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Agreement reached over alleged violations of California’s false claims, false advertising and unfair business practices laws
LOS ANGELES - Attorney General Kamala D. Harris today announced that the Bureau of Children’s Justice and False Claims Unit of the California Department of Justice has reached a settlement agreement with K12 Inc., a for-profit online charter school operator, and the 14 affiliated non-profit schools known as the California Virtual Academies (“CAVA Schools”) that it manages, over alleged violations of California’s false claims, false advertising and unfair competition laws.
As part of the settlement, which is subject to court approval, K12 will provide approximately $160 million in debt relief to the non-profit schools it manages—“balanced budget credits” that were accrued by the schools as a result of the fee structure K12 used in its contracts—and will pay $8.5 million in settlement of all claims. In addition, K12 has agreed to implement significant reforms of its contracts with the CAVA Schools, undergo independent reviews of its services for students with disabilities, ensure accuracy of all advertisements, provide teachers with sufficient information and training to prevent improper claiming of attendance dollars, and change policies and practices to prevent the kinds of conduct that led to this investigation and agreement.
This is the first settlement by the new Bureau of Children’s Justice, a first-of-its-kind unit created by Attorney General Harris in February 2015 to enforce civil and criminal laws that protect children and to pursue solutions that help ensure all children are on track to realize their full potential. The Bureau partnered with the False Claims Unit to investigate this matter, in which K12 and the CAVA Schools were cooperative. The Attorney General’s office recently disclosed five additional active investigations by the Bureau of Children’s Justice addressing education, juvenile justice, and the child welfare system: www.oag.ca.gov/bcj/investigations.
“All children deserve, and are entitled under the law, to an equal education,” said Attorney General Harris. “K12 and its schools misled parents and the State of California by claiming taxpayer dollars for questionable student attendance, misstating student success and parent satisfaction, and loading nonprofit charities with debt. As my office continues an industry-wide examination of for-profit academic institutions, this settlement ensures K12 and its schools are held accountable and make much-needed improvements.”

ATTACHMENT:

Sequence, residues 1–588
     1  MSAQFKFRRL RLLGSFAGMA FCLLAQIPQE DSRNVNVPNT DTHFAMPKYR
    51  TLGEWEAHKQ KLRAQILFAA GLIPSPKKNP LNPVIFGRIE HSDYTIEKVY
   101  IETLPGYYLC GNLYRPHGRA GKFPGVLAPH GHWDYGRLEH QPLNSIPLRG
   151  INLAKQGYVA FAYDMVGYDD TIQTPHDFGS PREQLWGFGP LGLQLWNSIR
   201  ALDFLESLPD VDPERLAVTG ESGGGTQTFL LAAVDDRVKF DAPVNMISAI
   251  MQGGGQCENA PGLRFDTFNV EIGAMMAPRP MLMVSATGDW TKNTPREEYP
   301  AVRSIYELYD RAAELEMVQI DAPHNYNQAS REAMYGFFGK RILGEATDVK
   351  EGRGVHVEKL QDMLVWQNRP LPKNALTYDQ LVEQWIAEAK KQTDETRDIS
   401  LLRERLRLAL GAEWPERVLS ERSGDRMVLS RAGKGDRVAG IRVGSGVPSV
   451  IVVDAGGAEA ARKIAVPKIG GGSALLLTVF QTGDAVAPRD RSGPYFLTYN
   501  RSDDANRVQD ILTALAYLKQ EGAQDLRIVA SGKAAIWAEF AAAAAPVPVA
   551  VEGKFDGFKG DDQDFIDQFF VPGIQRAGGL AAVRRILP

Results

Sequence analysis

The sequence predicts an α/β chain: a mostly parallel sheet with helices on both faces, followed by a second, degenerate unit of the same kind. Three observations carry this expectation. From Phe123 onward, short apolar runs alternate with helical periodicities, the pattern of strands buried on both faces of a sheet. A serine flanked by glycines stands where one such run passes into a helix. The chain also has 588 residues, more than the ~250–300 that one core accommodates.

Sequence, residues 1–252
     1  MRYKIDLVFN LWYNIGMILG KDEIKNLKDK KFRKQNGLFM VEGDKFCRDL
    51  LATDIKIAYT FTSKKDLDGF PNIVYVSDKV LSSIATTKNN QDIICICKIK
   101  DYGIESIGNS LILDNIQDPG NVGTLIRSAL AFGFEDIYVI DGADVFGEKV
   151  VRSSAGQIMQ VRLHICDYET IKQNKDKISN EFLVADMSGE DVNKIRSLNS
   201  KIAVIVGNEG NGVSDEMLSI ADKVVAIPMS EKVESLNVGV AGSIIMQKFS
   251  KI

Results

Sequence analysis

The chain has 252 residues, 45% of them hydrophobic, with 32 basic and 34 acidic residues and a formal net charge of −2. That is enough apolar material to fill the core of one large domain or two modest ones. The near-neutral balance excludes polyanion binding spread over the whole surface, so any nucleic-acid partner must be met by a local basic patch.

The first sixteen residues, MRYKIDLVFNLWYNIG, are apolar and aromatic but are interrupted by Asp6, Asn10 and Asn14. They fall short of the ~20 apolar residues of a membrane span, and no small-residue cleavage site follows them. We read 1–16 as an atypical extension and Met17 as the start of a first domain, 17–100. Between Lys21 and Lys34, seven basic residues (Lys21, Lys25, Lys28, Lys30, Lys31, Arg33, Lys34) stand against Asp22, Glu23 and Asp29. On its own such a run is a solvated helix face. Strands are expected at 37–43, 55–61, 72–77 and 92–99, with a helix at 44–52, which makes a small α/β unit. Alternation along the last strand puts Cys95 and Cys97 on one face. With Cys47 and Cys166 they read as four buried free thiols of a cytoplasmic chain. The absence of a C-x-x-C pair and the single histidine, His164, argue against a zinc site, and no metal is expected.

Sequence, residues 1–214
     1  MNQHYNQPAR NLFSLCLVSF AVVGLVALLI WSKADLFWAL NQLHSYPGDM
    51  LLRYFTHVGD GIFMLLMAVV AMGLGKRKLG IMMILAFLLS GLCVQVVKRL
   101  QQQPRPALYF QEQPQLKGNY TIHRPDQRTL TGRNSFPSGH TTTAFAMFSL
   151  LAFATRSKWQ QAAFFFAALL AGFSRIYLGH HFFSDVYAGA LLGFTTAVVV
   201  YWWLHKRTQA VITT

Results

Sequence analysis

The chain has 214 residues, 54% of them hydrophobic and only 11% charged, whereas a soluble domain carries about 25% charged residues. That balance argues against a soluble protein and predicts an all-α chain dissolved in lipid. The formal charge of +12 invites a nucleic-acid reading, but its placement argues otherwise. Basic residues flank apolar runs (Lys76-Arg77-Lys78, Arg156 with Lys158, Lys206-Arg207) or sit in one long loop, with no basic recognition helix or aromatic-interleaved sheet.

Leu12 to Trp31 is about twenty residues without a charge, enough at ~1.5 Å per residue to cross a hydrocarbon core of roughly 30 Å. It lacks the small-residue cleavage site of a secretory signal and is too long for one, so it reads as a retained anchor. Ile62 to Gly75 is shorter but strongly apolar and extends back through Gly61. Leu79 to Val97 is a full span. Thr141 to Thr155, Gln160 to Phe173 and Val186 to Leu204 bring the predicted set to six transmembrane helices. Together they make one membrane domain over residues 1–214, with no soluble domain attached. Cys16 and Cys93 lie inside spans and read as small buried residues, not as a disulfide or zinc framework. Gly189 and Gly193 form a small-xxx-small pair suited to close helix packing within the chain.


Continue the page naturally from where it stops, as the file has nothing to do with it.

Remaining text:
The Attorney General’s Office alleged that K12 and the CAVA Schools it operates in California misled parents to induce them to enroll their children in K12 schools by publishing misleading advertisements about students’ academic progress, parent satisfaction, their graduates’ eligibility for University of California and California State University admission, class sizes, the individualized and flexible nature of their instruction, hidden costs, and the quality of the materials provided to students.
In addition, the Attorney General’s office alleged that K12 and its affiliated schools submitted inflated student attendance numbers and collected more dollars in state funding from the California Department of Education than they were entitled to. According to a whistle blower, K12 allegedly counted logging on for as little as one minute as a full day of attendance, wasting taxpayer dollars and harming students by depriving them of a full day of high-quality academic instruction.
Finally, the Attorney General’s office alleged that K12 and its employees influenced nonprofit online charter schools to enter into unfavorable contracts that put them deep in a financial hole. The agreement ensures that K12 and the CAVA Schools refocus on the need to deliver quality educational services and that they do so with appropriate controls between the for-profit vendor and nonprofit schools.
A recent study showed that students in virtual schools that exist solely online are far behind their peers in math and reading. In addition, reports show that the CAVA Schools collectively had a graduation rate of 36%, compared to the state average of 78%.
K12 Inc. is based in Virginia and is a for-profit, publicly traded company. The 14 non-profit virtual charter schools it manages throughout California enroll approximately 13,000 K-12 students.
Ensuring that all students receive full days of academic instruction is part of Attorney General Harris’s innovative “smart on crime” approach to criminal justice, in which the Attorney General’s office has commissioned research into elementary school truancy and chronic absenteeism and the connections between school attendance and interactions with the criminal justice system later in life. Reports from the past three years and additional materials are available online at https://oag.ca.gov/truancy.